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Lake Bluff Heating v. Harris Tr. & Sav. Bk






Appeal from the Circuit Court of Lake County; the Hon. Lawrence D. Inglis, Judge, presiding.


This action originated as a mechanic's lien foreclosure proceeding brought by Lake Bluff Heating and Air Conditioning Supply, Inc. (Lake Bluff), to recover for work performed by them in March 1981 on certain residential property located in Libertyville, Illinois. At that time, the subject property was owned by Glenview Guaranty Savings & Loan Association (Glenview), which had acquired the property by foreclosure. In May 1981, Glenview sold the property to Harris Trust and Savings Bank (Harris), as trustee of a trust whose beneficiary was Barry M. Dolin. Both Harris and Glenview were defendants in the lien foreclosure action. Harris filed a cross-claim against Glenview in two counts. Count I alleged that Glenview breached certain express warranties in its contract of sale with Harris, and count II sought indemnification from Glenview for any amounts which Harris might be required to pay Lake Bluff in the lien foreclosure action. Harris moved for summary judgment on its indemnification claim and the motion was granted by the trial court. Subsequently, Glenview paid Lake Bluff the amount due to it, and the lien foreclosure proceeding was dismissed against both Glenview and Harris.

The cause proceeded to trial on count I of Harris' cross-claim, and after hearing the evidence and arguments of counsel the trial court found in favor of Glenview. Harris appeals, contending that: (1) the trial court's ruling on the indemnification count of the cross-claim established the law of the case and was inconsistent with its subsequent ruling against Harris; (2) the trial court erroneously found that Glenview did not breach any express warranties; and that (3) Glenview breached an implied warranty of habitability when it refused to complete necessary repairs to the premises.

Albert Dolin, an attorney and the father of Barry Dolin, the trust beneficiary, negotiated on behalf of Harris and Barry Dolin for the purchase of the property in question. Charles Skopp, senior vice-president in charge of lending at Glenview, represented Glenview in the negotiations. In November or December 1980, Dolin first contacted Skopp about purchasing the property for his son. At their initial meeting, Dolin noted the deplorable condition of the house, which had been severely damaged due to freezing of the plumbing and heating systems. Both systems were inoperable, interior piping had burst, and there was extensive water damage throughout. In December 1980, Glenview engaged the services of Brewer's Plumbing and Heating Company (Brewer) to repair the damage caused by the winter freeze, and Brewer commenced work on the property until sometime in March 1981. The repairs were never completed by Brewer. Meanwhile, negotiations between Harris and Glenview continued, with both Dolin and Skopp periodically inspecting the property from January through April 1981 to observe the progress of the repairs being done by Brewer. Both men were therefore aware of the lack of progress in these repairs in March and April. Nevertheless on April 23, 1981, the parties reached an agreement for the purchase of the property at a price of $195,000, subject to Harris' being able to obtain a $110,000 mortgage "with interest not to exceed 12% a year." A rider attached to the contract provided that Glenview "warrants that the damage caused by the freezing of the plumbing and heating facilities in the premises will be properly repaired or replaced prior to closing * * *." The closing date was specified as May 4, 1981.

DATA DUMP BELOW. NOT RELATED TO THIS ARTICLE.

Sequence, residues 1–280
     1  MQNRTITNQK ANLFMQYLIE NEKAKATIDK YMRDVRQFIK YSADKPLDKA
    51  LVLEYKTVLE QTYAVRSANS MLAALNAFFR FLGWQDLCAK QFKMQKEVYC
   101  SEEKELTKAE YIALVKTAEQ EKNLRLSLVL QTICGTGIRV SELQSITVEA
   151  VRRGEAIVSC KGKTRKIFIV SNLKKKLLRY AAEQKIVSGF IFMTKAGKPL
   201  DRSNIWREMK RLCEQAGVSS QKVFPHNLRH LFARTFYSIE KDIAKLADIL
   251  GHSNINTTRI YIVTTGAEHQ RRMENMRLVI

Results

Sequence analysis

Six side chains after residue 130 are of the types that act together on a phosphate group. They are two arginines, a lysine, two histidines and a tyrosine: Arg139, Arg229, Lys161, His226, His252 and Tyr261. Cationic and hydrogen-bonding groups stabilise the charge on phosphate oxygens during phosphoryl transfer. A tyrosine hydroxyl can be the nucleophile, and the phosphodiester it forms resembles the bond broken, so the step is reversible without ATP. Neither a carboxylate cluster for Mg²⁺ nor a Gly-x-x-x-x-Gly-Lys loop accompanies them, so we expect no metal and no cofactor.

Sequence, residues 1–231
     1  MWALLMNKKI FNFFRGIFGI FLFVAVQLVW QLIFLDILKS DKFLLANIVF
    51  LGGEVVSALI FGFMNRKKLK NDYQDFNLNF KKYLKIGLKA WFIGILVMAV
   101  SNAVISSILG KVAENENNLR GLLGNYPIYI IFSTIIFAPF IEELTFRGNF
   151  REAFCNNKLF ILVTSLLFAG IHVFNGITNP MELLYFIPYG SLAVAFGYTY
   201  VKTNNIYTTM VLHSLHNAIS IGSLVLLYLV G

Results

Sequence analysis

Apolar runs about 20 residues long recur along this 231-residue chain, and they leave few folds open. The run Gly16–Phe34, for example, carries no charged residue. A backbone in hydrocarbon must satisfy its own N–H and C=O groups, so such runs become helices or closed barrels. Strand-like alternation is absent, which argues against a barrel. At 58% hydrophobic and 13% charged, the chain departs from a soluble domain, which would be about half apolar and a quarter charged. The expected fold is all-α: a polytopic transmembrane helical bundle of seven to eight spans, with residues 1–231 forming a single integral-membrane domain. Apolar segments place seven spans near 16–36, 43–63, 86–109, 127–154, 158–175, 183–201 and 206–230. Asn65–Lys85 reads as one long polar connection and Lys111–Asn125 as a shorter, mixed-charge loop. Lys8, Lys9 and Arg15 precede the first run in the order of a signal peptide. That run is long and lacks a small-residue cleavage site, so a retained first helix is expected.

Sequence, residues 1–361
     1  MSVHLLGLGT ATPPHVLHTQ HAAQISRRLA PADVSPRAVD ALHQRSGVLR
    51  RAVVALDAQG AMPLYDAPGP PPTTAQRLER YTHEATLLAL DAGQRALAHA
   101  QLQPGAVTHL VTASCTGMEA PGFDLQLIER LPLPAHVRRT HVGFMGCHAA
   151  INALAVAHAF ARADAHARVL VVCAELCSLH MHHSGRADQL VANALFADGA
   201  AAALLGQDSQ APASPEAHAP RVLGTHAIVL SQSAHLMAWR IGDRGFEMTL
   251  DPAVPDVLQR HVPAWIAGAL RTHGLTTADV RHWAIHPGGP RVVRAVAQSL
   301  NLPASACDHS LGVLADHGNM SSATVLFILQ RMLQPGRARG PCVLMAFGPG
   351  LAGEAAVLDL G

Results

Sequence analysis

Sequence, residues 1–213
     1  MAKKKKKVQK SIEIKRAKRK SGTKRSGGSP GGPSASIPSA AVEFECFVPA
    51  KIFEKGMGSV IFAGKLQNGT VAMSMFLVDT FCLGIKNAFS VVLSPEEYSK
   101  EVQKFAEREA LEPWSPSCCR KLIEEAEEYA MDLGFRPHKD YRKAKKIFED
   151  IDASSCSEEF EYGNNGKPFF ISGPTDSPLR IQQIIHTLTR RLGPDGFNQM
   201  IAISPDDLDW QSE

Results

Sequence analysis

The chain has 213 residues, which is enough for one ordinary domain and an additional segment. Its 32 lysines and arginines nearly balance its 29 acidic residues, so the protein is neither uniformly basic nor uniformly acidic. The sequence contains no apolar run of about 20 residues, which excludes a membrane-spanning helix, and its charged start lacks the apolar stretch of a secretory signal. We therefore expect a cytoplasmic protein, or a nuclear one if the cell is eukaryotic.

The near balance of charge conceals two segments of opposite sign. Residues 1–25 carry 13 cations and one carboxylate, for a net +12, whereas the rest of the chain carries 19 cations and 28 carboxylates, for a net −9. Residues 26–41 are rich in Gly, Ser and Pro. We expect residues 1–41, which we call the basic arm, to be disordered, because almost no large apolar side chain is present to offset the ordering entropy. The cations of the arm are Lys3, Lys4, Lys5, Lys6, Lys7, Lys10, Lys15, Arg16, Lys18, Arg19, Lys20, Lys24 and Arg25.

After signing the contract of sale, Skopp and Dolin visited the building and observed that the work still had not been completed. Dolin then indicated to Skopp the importance of finishing the repairs, and Skopp subsequently contacted another contractor, Werner and Wilke, Inc. (Werner), who estimated it would cost $12,550 to complete the job Brewer did not finish. That estimate was given on May 4, 1981, the original closing date, and was shown to Dolin several days later.

Shortly before the closing, which was finally held on May 16, 1981, the parties agreed that the closing of the sale would be held prior to the completion of the work and repairs referred to in the rider of the contract. In that regard, Dolin drafted a letter to be signed by Glenview, dated May 14, 1981, which stated:

"Harris Trust and Savings Bank Trust No. 41133, its beneficiaries, and Barry M. Dolin


For and in consideration of the sale and purchase of the residential property on St. Mary's Road in Green Oaks, Ill., we represent and warrant that we have engaged and fully paid Brewer Plumbing and Heating Co. in Libertyville, Ill. to replace the heating system, including radiators, in the said house and make such system fully operable, and further, to replace all broken water pipes in the house which leak, including replacement of insulation, repairs to walls and floors and removal of all debris.

The aforesaid work was to have been completed prior to our closing but to facilitate an early closing this representation is made.

We do also agree and hereby assign to you all of our rights, privileges and demands which we may now have or subsequently acquire against the said Brewer Plumbing and Heating Company and we assign to you the full right and authority to proceed against Brewer Plumbing and Heating Company in any matter you may deem appropriate in our place and stead.

Very truly yours,

Glenview Guaranty Savings and Loan Association


This letter was signed by Skopp at the closing. Beneath Skopp's signature the following provision was added by Glenview:

"Seller agrees to purchase property in an `as is condition'


____________________________________________ Beneficiary of Harris Trust and Savings Bank, Trust No. 41133."